I then took some frozen raspberries from our freezer, nuked them a little bit to take the edge off them, and made the Fresh Berry Pie filling for an 8-inch pie from page 304.  This made more filling than I had crust for.  I used about a half-cup of filling in each jar, then topped them with a crust circle, cut with the jar lid.  Then I just basically tried to roll down the edges of the dough, and then textured them with a fork.  I am seriously not great with the pie-beauty techniques yet.  Then I baked a couple of them, one at 375 degrees for an hour, and one at 400 degrees for 50 minutes.  Both turned out perfectly cooked.

Now, you’re probably wondering, “Hey Pieist, where’s the photos?”  Unfortunately, J and I ate them before a photo could be taken, so you’re going to have to learn to live with disappointment.  Once again, J found them to be heavy on the crust and light on the filling, the same opinion he had about the mini apple pies I made the other day.  They are definitely heavy on the crust compared to a regular pie.  The other thing I discovered is that the raspberry filling volcanoed when it cooked, spewing out the slit I’d made in the top, then oozing back in and setting up as it cooled.  Fascinating.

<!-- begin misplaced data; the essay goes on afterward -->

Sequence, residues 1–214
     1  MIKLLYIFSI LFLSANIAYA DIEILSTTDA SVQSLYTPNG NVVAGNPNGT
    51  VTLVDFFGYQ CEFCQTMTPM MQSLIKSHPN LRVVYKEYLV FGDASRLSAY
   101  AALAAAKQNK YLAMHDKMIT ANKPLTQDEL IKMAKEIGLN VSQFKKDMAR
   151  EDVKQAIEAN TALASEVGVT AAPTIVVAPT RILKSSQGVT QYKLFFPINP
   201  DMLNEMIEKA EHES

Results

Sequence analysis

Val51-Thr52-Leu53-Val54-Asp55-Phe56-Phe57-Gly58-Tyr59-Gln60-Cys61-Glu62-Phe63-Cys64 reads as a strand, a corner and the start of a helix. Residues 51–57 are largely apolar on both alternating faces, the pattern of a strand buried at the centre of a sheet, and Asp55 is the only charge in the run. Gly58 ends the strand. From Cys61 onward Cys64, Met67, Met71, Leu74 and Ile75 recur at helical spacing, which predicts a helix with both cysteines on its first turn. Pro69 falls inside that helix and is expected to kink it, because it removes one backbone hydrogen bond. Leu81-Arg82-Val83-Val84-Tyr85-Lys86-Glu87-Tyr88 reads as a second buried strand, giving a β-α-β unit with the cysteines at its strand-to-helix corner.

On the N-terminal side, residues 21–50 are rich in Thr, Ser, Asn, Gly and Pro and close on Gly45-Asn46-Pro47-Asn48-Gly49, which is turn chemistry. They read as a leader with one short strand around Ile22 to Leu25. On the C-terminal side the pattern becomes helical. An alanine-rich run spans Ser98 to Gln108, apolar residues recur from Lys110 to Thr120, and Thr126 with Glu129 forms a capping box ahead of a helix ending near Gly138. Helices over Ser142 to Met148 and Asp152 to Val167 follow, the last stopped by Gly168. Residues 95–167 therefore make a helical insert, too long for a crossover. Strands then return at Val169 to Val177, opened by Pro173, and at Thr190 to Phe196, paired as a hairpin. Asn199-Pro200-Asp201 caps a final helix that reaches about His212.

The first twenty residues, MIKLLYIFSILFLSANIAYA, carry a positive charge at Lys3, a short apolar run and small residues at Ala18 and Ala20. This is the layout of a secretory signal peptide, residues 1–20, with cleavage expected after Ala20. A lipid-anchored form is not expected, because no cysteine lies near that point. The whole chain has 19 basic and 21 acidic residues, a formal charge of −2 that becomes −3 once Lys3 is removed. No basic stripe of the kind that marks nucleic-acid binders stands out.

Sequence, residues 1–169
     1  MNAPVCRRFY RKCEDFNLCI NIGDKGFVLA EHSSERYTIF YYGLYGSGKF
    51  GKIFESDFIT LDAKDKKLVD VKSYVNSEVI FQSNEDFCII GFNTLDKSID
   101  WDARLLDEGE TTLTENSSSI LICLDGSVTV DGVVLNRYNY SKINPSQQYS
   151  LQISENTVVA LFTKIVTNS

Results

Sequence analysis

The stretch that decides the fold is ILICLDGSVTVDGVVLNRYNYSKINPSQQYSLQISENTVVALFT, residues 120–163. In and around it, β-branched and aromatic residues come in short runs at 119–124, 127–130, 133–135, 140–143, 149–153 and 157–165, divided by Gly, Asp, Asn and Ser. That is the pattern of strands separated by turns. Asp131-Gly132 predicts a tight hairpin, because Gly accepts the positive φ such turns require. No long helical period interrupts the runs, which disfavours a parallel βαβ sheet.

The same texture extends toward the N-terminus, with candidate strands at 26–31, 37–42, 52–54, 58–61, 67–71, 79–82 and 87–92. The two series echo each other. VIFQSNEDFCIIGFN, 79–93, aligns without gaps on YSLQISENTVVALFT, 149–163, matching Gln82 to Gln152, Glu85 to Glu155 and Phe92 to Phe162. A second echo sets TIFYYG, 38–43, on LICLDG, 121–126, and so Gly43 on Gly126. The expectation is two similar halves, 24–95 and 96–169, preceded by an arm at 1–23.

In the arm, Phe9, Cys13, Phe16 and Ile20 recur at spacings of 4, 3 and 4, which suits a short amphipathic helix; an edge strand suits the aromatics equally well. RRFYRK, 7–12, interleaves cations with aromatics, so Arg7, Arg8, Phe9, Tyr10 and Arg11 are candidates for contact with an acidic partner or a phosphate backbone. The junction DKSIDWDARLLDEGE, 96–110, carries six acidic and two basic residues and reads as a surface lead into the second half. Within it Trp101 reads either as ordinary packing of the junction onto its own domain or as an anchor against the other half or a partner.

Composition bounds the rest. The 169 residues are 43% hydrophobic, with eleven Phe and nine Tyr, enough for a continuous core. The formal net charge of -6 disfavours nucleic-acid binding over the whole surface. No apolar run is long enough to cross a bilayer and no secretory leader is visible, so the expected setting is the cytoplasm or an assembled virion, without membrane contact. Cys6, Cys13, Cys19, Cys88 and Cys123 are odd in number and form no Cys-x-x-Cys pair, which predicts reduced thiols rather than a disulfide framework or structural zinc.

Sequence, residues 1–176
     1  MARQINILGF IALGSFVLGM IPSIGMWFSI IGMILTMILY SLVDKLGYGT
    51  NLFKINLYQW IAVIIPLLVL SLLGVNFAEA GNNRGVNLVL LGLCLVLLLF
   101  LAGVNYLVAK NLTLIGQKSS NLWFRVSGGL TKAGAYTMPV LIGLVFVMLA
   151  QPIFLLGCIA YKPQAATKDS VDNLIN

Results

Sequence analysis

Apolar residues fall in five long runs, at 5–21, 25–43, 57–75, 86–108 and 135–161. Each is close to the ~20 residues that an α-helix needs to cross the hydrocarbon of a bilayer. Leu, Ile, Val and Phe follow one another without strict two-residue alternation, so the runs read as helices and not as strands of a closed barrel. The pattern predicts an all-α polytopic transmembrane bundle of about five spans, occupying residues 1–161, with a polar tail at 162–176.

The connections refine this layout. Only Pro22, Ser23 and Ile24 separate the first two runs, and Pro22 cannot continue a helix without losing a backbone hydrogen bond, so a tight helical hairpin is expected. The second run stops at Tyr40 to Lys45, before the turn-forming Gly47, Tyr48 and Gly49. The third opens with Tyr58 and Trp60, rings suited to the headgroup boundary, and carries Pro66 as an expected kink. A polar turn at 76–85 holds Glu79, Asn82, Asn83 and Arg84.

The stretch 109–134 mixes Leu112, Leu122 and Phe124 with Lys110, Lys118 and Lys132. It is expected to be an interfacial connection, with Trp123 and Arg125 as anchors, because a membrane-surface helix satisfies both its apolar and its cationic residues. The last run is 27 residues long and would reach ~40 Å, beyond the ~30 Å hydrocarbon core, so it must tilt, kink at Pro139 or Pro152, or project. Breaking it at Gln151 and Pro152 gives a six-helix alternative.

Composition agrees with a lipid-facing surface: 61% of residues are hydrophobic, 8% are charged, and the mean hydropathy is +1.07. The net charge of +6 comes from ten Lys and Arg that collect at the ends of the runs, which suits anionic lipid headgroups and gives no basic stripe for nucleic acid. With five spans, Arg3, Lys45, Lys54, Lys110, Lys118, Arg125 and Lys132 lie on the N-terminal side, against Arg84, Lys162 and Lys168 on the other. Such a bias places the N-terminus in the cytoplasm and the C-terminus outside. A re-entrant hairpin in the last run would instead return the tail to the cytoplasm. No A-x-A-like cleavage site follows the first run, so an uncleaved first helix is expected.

Having decided that these things are completely adorable before you cook them and will make excellent gifts, even if they’re a bit heavy on the crust, I moved onto making apple ones, figuring that apple was slightly less likely to explode compared with the raspberry.  I made a double-recipe of the two-crust pie recipe from Page 299, which made about 10 pies-in-jars.  I made a half-recipe of the traditional apple pie filling for an 8-inch pie from Page 302, using a granny smith apple, with one addition: I tossed the apples with the juice of half a lime, so they wouldn’t brown up as I was going through the process of making all these little pies-in-jars.